It is not easy meeting girls as a soldier. So when gorgeous female strangers request to become my friend on Facebook, it is easy to say yes. Especially when the girls, whose profiles always depict a curvaceous babe, list their alma mater as Baltimore Hebrew University and other very Jewish academic institutions. Strange, I wonder to myself as I deny their request for online friendship, all those years as a student in Baltimore and I never knew how many cute girls were studying for an advanced degree in Jewish Studies down Park Heights Ave.
The most curious part about these girls, and the reason I deny their requests without a second thought, is the names of their listed Facebook friends. No Sara Raizels or Rochel Lay'as here. In fact, they never have any female friends. Instead their online buddies are a bunch of Beirut based guys named Mohammad or Ahmed, with the occasional Abu Jihad thrown in for good measure. Aka, Hezbollah techno-terrorists fishing for info. So much for online romance.
The lame attempts to access my personal information on Facebook disguise a real threat. Not that I have any information or images about the army on my online profile. The danger comes from the facts that way too many Israeli soldiers do place way too much personal information online in the public domain. Such thoughtless online activity has led to a series of minor catastrophes. In March, the IDF was forced to cancel a raid after a soldier wrote about the upcoming mission on his Facebook page. In July, the Israeli media had a field day when they discovered that alumni of a secret IDF base formed a Facebook group to trade pictures and stories. And this week, another media firestorm erupted when the papers caught wind of the pictures a former female soldier had posted to her Facebook depicting her standing next to blindfolded captive Palestinians. In a Abu Ghraib conscious climate, the humiliating images did little to help Israel's global image.
I was reminded of my own run-in with the Hizbollah geek squad in a comment from a member of Israel's own cyber unit. "Beyond national security, it is also a safety issue. Hizbullah operatives set up profiles pretending to be Israeli women and ask to be friends with soldiers or join soldiers’ groups on Facebook. Over time, through the status updates, Hizbullah learns a bit about the soldiers, where they live and are able to connect the dots. In theory, they could eventually kidnap that person."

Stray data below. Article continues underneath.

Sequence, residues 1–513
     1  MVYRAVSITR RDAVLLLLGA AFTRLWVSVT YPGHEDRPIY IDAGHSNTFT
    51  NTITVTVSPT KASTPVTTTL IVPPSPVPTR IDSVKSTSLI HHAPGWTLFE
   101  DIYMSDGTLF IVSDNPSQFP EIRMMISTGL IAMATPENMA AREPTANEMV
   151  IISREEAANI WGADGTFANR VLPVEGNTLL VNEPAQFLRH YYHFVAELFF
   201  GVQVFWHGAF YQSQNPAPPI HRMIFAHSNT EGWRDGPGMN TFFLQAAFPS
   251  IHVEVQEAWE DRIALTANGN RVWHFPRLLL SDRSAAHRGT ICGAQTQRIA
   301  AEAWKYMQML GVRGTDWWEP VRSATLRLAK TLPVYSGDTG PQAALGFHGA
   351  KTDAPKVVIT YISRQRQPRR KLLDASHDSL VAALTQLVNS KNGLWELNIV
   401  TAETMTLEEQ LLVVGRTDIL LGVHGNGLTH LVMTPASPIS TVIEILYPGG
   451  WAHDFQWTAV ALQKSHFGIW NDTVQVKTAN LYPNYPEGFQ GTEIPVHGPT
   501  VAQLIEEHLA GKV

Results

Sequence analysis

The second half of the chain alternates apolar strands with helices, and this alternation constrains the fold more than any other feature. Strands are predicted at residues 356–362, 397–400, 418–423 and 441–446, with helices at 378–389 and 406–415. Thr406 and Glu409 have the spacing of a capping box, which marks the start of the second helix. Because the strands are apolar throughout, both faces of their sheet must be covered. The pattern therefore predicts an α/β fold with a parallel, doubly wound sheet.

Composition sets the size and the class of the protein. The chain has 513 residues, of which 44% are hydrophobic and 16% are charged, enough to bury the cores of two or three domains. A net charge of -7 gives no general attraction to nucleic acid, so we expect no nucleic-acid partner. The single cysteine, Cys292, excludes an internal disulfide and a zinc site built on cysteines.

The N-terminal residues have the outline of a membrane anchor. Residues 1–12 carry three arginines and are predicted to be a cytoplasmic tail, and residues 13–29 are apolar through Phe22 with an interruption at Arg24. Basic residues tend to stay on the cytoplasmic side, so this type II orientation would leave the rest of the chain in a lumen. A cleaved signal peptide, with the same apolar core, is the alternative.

This theory turned to tragedy with an Israeli teen named Ofir Rahum. In January 2001, Ofir traveled to Jerusalem to meet a young woman with whom he had conducted a relationship over the internet. The woman turned him over to Palestinian terrorists. Hours later the boy's bullet riddled body was discovered outside Ramallah. A tragedy that began with an innocent friend request from a young lady not unlike my Beirut babes.
The IDF is very aware of the dangers posed by Web 2.0 information sharing. My unit probably stresses the importance of operational security more than your average brigade. Yet the challenge remains difficult. In the words of the IDF cyber-warfare officer quoted above:
"It’s a significant problem for the IDF because soldiers have cellphones and any of them can take a photo or make a film and upload it to the internet. Soldiers themselves don’t really know what can cause harm. For example, a soldier might think that a simple photo of a room inside a base is harmless, but there is a poster on the wall with a map or operational details."
(a) Do not advertise your Israeli armyhood all over your online profile, if at all. Pictures in green, army related status updates, etc. Being proud does not have to mean being dumb.
(b) Be skeptical of anyone you do not know personally who takes too much interest - through email, cold calls, weekend run-ins - in your army doings. Even if the interested party is a seminary girl. Because not all dangers have a terrorist address.
(c) Confidence & Humility. As always.
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